As the Centers for Disease Control continues its investigation into vaping-related illnesses, and several states consider banning the sale of flavored vape products, the Natural Products Association (NPA; Washington, DC) is warning Congress that this public health crisis may inevitably extend to cannabidiol (CBD) products, some of which can also be vaped. The amount of people consuming CBD is also greater than those vaping—one in seven adults compared to less than 1% who vape—according to a Gallup Poll cited by NPA. The lack of regulatory action from FDA regarding CBD, says NPA, goes beyond vaping CBD, to tinctures, capsules, and other CBD delivery formats. As a result, NPA says, there is a concerning lack of quality control regarding these products.
“The tragic vaping crisis makes fatally clear that FDA inaction has life and death consequences,” said Daniel Fabricant, PhD, president and CEO of NPA, in a press release. “The number of people vaping in the U.S. is miniscule compared to the number of Americans who use some sort of CBD, or what they think is CBD, on a daily basis. The problem is no one has any idea what is in these products, where they come from, or whether they contain deadly ingredients or additives. And no one knows how much CBD is healthy and at what consumption levels. That is why it is imperative for Congress to direct FDA to immediately begin its oversight and regulation of CBD products. If President Trump, Congress, and the FDA ignore this ticking time bomb, they will all be responsible for another public health crisis. Policymakers should not only address vaping but also establish a well-regulated marketplace for CBD, otherwise we’ll be back here in a few weeks or months talking about death tolls from another unregulated product.”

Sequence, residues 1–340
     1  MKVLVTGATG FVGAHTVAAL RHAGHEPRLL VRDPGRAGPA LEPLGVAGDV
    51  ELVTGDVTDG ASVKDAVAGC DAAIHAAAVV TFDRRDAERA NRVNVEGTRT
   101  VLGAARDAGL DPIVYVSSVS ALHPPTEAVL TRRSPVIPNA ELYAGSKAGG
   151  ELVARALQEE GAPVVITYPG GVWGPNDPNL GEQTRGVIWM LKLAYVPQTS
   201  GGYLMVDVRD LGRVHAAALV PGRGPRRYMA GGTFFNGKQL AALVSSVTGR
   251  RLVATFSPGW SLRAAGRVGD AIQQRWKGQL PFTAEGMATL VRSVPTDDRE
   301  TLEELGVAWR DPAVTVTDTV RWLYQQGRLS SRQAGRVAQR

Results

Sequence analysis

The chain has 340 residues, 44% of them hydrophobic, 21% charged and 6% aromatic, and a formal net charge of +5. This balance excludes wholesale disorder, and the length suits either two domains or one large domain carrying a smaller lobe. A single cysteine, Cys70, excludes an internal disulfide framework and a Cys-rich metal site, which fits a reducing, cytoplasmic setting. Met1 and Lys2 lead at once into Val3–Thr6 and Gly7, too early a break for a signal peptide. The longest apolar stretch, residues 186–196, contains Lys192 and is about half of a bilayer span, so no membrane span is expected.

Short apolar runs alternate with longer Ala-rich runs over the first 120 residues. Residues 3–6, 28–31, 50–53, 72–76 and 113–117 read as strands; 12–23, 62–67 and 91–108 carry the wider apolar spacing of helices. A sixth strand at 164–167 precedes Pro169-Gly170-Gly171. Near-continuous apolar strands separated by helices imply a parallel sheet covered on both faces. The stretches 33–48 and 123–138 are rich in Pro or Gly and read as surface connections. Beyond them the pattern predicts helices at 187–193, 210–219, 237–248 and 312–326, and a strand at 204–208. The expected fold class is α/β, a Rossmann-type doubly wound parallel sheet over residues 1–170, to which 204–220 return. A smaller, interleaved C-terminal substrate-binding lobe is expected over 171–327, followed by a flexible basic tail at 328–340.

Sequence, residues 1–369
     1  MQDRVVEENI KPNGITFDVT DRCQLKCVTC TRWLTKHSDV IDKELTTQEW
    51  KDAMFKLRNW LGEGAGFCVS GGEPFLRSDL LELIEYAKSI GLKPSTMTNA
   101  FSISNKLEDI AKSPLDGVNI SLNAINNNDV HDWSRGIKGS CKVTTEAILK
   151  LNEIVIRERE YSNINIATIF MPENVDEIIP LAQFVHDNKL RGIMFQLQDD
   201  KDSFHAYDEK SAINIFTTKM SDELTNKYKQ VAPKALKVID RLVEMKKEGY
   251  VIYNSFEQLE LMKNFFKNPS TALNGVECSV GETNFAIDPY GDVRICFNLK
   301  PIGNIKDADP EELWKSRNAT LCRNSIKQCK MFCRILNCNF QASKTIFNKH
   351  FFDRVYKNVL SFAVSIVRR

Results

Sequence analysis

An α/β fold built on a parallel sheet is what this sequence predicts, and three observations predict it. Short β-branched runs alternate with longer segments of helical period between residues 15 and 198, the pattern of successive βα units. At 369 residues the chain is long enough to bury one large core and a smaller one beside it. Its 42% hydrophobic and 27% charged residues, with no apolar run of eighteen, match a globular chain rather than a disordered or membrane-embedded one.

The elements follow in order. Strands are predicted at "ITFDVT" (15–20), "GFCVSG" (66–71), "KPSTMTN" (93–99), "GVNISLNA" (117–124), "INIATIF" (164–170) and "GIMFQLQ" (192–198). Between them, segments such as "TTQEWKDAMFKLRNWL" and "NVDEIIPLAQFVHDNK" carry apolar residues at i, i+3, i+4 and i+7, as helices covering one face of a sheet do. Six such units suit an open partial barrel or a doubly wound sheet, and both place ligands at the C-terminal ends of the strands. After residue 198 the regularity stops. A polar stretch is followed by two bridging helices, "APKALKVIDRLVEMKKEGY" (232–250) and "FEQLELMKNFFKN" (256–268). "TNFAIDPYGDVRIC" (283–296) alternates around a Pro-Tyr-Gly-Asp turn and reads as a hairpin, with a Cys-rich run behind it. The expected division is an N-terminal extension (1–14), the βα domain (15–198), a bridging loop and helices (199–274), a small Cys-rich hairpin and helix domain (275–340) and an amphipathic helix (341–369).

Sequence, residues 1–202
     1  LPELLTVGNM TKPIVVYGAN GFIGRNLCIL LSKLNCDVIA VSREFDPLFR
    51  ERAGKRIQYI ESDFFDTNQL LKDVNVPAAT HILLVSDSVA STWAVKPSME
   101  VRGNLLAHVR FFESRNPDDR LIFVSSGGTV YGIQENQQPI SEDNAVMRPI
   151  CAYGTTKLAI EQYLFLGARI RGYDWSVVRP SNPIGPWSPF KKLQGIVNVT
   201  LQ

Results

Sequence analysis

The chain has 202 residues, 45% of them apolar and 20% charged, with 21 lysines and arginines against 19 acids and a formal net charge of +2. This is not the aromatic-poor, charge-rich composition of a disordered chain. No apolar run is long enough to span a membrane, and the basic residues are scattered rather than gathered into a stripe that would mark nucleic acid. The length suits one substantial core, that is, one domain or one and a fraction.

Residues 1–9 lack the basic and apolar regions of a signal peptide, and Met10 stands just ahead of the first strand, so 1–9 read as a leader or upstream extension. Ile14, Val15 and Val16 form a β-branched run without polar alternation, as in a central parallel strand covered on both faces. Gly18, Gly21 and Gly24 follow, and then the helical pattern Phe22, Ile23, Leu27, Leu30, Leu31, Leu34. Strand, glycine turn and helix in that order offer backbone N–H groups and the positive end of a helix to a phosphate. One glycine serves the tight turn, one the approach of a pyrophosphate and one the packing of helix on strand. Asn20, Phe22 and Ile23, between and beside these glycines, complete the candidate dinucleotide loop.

NPA has recently worked with Congressman Jerry McNerney of California’s 9th congressional district to include a provision in the FY2020 House Agriculture Appropriations bill that would fund a Health Hazard Evaluation for setting a safe level of CBD consumption for consumers. The Senate Agriculture Appropriations committee is still considering the legislation. It is still unclear how FDA intends to regulate CBD, following a public meeting that took place on May 31, 2019, during which FDA heard hours of testimony from both advocates and opponents of CBD and other cannabis-based products. In a statement from FDA on June 14, 2019, the agency offered no insights into how it will regulate CBD, stating only that it must evaluate the available data and take a science-based approach. Even former FDA commissioner Scott Gottlieb, MD, expressed frustration at the lack of progress and offered his opinions about a potential solution in an op-ed published in the Washington Post.
While the industry waits for FDA and Congress to act, the wheels of commerce continue to turn, allowing unscrupulous suppliers to sell adulterated products as CBD. This puts consumers at risk, as well as the larger CBD marketplace, despite the hard work of responsible manufacturers to legitimize and destigmatize CBD and cannabis-derived ingredients.